IN THE UNITED STATES DISTRICT COURT FOR THE EASTERN DISTRICT OF PENNSYLVANIA
January 20, 2011
JANICE QUILLOIN, AN INDIVIDUAL,ON
BEHALF OF HERSELF AND OTHERS SIMILARLY SITUATED, PLAINTIFF,
TENET HEALTHSYSTEM PHILADELPHIA,INC., TENET HEALTHCARE CORPORATION, AND TENET HEALTHSYSTEM HAHNEMANN, LLC, DEFENDANTS.
The opinion of the court was delivered by: Anita B. Brody, J.
January ___ , 2011
Plaintiff Janice Quilloin ("Plaintiff" or "Quilloin") has brought a nationwide collective*fn1 action under the Fair Labor Standards Act (FLSA), 29 U.S.C. §§ 201-19 (2006), and a state-wide class action under the Pennsylvania Minimum Wage Act of 1968, 43 Pa. Cons. Stat. §§ 333.101-333.115 (2009); the Pennsylvania Wage Payment and Collection Law, 43 Pa. Cons. Stat. §§ 260.1-260.12 (2009); and Pennsylvania common law against Defendants Tenet HealthSystem Philadelphia ("Tenet Philadelphia"), Tenet Healthcare Corporation ("Tenet"), and Tenet HealthSystem Hahnemann, LLC ("Hahnemann") (collectively, "Defendants"). First Am. Compl. 1-2, ECF No. 19. Plaintiff alleges that Defendants forced her and others to work through their meal breaks without pay. Id. This court has jurisdiction pursuant to the FLSA; the Class Action Fairness Act of 2005, 28 U.S.C. § 1332(d)(2) (2006); and 28 U.S.C. § 1367 (2006). In response, Defendants have filed a motion to dismiss or, in the alternative, to stay proceedings and compel compliance with an agreement to arbitrate. Mot. Dismiss, June 10, 2010, ECF No. 28.*fn2 For the reasons set forth below, I will deny Defendants‟ motion without prejudice.
Plaintiff is a Registered Nurse with an Associate Degree in the Science of Nursing. Quilloin Decl. ¶¶ 3-4, ECF No. 34. She worked at Hahnemann University Hospital from October of 2006 until February of 2008, and then again from December of 2008 until November of 2009. Id. ¶¶ 8, 11; First Am. Compl. ¶ 10, ECF No. 19. Defendant Hahnemann owns Hahnemann University Hospital. Simmons Decl. ¶ 2, ECF No. 28. Defendant Tenet Philadelphia helps manage and control two hospitals in Philadelphia, including Hahnemann University Hospital. First Am. Compl. ¶ 14, ECF No. 19. Hahnemann and Tenet Philadelphia are both subsidiaries of Defendant Tenet, a health care services company whose subsidiaries, as of December 31, 2008, operated a total of 55 hospitals with over 14,000 beds. Id. ¶¶ 12-15.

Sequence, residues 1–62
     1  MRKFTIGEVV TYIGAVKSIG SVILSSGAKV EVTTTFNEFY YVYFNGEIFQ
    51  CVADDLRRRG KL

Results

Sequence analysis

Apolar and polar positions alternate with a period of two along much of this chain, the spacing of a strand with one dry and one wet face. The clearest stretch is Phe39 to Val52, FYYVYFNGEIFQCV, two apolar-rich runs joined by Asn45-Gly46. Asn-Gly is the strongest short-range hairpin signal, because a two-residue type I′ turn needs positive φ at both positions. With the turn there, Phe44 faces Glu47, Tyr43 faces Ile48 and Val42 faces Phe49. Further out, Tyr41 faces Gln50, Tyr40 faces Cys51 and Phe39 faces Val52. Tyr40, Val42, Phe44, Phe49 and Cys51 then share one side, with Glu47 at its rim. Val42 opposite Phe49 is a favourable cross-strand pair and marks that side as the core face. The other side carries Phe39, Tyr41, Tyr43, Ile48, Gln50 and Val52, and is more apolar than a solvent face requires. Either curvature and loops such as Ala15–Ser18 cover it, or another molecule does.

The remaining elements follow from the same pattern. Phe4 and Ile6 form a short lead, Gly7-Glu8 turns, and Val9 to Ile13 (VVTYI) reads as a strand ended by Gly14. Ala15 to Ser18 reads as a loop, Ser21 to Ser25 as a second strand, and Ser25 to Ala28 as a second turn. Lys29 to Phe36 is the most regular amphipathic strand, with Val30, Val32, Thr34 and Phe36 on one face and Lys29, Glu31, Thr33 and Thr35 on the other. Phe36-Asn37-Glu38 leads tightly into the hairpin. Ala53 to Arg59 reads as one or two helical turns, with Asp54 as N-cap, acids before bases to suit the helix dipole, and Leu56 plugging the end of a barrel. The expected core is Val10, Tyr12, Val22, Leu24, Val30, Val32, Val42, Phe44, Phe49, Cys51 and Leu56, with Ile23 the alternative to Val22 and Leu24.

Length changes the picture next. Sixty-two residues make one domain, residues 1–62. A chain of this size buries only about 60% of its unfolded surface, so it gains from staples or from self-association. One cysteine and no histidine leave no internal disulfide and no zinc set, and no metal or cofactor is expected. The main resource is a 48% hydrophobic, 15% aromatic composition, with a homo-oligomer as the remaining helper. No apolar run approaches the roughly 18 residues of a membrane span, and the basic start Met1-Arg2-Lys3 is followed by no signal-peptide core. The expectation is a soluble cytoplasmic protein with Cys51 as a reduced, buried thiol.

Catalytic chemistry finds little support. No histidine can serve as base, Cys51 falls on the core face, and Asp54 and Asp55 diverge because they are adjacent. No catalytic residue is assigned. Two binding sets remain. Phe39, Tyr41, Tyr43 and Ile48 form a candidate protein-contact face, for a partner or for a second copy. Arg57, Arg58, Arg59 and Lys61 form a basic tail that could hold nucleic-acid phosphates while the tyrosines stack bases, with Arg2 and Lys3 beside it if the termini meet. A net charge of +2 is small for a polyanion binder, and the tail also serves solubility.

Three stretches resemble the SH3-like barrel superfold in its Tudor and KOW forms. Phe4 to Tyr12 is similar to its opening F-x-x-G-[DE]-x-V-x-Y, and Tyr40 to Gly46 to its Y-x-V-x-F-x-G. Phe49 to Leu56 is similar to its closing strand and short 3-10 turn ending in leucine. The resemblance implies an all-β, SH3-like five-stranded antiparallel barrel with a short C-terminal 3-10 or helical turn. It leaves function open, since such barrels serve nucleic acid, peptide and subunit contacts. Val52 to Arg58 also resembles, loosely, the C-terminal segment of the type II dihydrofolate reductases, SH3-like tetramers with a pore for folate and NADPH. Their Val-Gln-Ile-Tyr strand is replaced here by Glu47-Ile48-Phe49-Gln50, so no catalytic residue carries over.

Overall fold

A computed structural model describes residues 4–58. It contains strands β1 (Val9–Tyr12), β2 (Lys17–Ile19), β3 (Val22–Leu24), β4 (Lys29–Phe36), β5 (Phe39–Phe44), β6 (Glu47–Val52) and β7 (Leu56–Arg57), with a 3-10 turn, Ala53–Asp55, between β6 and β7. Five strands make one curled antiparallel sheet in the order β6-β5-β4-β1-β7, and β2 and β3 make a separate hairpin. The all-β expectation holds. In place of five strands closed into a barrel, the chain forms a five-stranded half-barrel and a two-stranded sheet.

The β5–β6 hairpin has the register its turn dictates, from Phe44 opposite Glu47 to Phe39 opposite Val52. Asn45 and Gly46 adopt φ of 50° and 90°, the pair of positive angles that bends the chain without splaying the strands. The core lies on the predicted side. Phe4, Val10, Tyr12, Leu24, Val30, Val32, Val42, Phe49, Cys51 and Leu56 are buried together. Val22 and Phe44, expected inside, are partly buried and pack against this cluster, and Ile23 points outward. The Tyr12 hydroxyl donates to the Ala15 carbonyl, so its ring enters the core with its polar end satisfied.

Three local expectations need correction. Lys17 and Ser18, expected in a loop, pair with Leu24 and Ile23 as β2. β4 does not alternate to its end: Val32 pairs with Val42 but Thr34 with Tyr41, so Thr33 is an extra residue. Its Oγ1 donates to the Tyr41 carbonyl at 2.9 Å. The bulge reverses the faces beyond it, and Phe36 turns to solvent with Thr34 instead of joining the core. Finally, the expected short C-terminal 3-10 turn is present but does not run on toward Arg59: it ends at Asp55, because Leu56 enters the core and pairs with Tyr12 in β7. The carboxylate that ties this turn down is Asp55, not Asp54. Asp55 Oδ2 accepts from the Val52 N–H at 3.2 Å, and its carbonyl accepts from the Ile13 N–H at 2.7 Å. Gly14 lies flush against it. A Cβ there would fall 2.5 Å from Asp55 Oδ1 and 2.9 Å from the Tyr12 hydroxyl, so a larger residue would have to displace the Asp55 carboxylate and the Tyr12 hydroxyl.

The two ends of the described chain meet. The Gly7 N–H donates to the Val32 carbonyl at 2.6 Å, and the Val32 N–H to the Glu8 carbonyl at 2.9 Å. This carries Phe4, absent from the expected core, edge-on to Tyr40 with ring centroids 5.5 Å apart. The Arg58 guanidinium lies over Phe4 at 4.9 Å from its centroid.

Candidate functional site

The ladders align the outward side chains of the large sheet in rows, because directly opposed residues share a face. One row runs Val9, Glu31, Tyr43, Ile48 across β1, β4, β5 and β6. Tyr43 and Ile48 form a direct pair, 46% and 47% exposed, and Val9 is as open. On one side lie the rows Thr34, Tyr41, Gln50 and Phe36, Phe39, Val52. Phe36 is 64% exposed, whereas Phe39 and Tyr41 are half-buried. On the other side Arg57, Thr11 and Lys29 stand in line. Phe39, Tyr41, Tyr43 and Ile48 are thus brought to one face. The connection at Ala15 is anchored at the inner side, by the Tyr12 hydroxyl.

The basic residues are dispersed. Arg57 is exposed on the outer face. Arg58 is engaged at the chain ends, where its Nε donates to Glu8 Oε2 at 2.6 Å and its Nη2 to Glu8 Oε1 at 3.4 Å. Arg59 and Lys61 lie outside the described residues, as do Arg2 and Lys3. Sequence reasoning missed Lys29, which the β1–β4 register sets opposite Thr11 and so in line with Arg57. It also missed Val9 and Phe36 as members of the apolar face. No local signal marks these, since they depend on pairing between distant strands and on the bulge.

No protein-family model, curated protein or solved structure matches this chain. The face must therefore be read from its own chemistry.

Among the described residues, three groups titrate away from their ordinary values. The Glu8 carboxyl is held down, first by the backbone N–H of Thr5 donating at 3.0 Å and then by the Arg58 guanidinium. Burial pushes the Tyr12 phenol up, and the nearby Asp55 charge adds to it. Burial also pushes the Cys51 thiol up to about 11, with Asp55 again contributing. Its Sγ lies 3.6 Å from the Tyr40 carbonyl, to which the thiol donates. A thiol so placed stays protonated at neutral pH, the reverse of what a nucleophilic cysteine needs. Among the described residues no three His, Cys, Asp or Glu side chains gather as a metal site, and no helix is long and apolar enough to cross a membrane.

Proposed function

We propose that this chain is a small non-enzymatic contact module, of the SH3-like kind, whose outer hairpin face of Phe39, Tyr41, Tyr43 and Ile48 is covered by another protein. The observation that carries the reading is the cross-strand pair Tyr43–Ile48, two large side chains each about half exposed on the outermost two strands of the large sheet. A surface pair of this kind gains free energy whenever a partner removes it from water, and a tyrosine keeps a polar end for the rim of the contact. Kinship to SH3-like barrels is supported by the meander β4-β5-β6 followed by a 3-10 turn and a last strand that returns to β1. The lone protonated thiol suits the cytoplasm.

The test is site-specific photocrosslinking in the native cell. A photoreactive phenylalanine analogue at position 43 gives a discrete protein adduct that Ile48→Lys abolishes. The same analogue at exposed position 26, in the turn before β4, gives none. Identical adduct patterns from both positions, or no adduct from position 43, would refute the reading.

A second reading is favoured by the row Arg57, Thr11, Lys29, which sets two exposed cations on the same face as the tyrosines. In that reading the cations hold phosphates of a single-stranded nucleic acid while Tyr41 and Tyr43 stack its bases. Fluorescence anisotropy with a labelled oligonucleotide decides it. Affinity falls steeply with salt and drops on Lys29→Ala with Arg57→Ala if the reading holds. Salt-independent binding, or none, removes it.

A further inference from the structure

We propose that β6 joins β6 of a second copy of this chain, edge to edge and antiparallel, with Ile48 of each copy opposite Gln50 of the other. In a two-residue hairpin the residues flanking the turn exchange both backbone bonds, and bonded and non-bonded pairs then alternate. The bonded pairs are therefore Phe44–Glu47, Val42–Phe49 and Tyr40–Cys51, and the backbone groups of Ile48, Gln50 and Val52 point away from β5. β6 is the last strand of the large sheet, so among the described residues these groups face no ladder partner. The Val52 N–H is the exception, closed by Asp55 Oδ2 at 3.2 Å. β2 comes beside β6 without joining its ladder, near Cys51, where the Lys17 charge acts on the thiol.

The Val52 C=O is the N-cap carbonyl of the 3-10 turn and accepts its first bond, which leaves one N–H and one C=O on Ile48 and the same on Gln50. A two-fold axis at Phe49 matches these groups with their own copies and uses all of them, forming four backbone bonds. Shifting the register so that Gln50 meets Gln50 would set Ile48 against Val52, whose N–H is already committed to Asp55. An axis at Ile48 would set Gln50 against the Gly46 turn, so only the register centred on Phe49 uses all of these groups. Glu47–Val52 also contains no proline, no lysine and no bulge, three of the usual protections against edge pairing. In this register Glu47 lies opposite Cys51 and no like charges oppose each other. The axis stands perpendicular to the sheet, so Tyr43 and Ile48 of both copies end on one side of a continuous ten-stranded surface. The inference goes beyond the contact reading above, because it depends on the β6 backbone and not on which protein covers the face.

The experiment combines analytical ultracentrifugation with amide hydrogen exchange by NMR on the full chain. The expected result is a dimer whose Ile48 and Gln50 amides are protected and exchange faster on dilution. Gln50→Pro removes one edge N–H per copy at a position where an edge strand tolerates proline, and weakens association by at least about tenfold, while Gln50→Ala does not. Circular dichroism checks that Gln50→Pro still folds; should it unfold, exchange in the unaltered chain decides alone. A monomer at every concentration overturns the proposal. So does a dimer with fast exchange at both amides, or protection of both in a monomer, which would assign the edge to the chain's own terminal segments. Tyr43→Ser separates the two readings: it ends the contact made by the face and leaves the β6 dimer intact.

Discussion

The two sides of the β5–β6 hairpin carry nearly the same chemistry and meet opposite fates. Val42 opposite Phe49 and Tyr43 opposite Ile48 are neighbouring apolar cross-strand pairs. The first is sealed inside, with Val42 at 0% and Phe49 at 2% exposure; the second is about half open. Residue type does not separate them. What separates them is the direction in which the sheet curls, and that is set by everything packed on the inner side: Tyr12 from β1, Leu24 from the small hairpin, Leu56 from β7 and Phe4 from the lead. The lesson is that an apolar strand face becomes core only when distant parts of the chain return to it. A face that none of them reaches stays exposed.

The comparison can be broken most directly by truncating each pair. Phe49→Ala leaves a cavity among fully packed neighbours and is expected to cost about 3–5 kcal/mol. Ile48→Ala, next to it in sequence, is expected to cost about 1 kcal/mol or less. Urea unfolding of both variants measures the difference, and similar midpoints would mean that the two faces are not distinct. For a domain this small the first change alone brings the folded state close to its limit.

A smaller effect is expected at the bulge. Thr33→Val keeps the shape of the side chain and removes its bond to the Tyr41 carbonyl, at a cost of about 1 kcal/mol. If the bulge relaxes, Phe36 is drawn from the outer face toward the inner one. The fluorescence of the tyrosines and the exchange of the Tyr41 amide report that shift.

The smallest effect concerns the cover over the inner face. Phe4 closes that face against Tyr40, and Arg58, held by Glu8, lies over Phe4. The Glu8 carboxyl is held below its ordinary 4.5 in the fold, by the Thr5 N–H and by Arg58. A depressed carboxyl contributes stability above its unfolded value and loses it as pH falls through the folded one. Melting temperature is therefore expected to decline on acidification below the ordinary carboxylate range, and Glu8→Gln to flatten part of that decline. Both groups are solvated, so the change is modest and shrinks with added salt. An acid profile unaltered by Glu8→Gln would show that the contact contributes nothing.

Defendants maintain a "Meal Break Deduction Policy" at all of their facilities, according to which the computerized time and attendance system automatically deducts a thirty-minute meal period per work shift. Id. ¶¶ 26, 27. However, Quilloin alleges that she and other members of the classes often performed compensable work during their uncompensated meal breaks. Id. ¶29.
Thus Quilloin seeks to bring the FLSA collective action on behalf of herself and "[a]ll persons employed within the three years preceding the filing of this action by Defendant whose pay was subject to an automatic 30 minute meal period deduction even when they performed compensable work during the unpaid "meal break.‟" Id. ¶ 45.
She similarly seeks to bring a state law class action on behalf of herself and "[a]ll persons employed within the three years preceding the filing of this action by Defendants at any of its Pennsylvania facilities, whose pay was subject to an automatic 30 minute meal period deduction even when they performed compensable work during the unpaid "meal break.‟" Id. ¶ 46.
On December 4, 2009, Quilloin filed suit in this court against Tenet and Tenet Philadelphia. On February 19, 2010, Tenet Philadelphia answered, and asserted as an affirmative defense the existence of an agreement to arbitrate employee disputes with the employer. Answer 8-9, Feb. 19, 2010, ECF No. 9. Also on February 19, 2010, Tenet filed a motion to dismiss for lack of personal jurisdiction, alleging that it was four corporate layers removed from Quilloin‟s actual employer and lacked minimum contacts with Pennsylvania. Mem. Supp. Mot. Dismiss 1-2, Feb. 19, 2010, ECF No. 10. On March 15, 2010, Quilloin responded to Tenet‟s Motion to Dismiss, and on March 29, 2010, Tenet replied to Quilloin‟s response.
On April 15, 2010, the parties attended a Rule 16 conference. On April 21, 2010, the parties submitted a joint stipulation, according to which Plaintiff would voluntarily dismiss another pending case, Janice Quilloin v. Tenet HealthSystem Philadelphia, Inc. et al., No. 10-1379, and amend her complaint in this matter to include those Pennsylvania state law claims asserted in the other matter. Joint Stipulation ¶¶ 1-2, Apr. 21, 2010, ECF No. 18. The parties further stipulated that such amendment would not moot the pending motion to dismiss for lack of personal jurisdiction, and that the parties would conduct jurisdictional discovery by July 15, 2010. Id. ¶¶ 4-5.
On April 23, 2010, Plaintiff filed her first amended complaint against Tenet, Tenet Philadelphia, and Hahnemann. See First Am. Compl., ECF No. 19. On May 13, 2010, Tenet Philadelphia and Hahnemann answered, again invoking Plaintiff‟s agreement to arbitrate as an affirmative defense. Answer 14, May 13, 2010, ECF No. 25.
On June 10, 2010, Tenet, Tenet Philadelphia, and Hahnemann filed a motion to dismiss or, in the alternative, to stay proceedings and compel compliance with the agreement to arbitrate. Mot. Dismiss, June 10, 2010, ECF No. 28. Six days later, Defendants filed a motion for a protective order in response to allegedly extensive discovery requests from Plaintiff. Mot. Protective Order, ECF No. 29.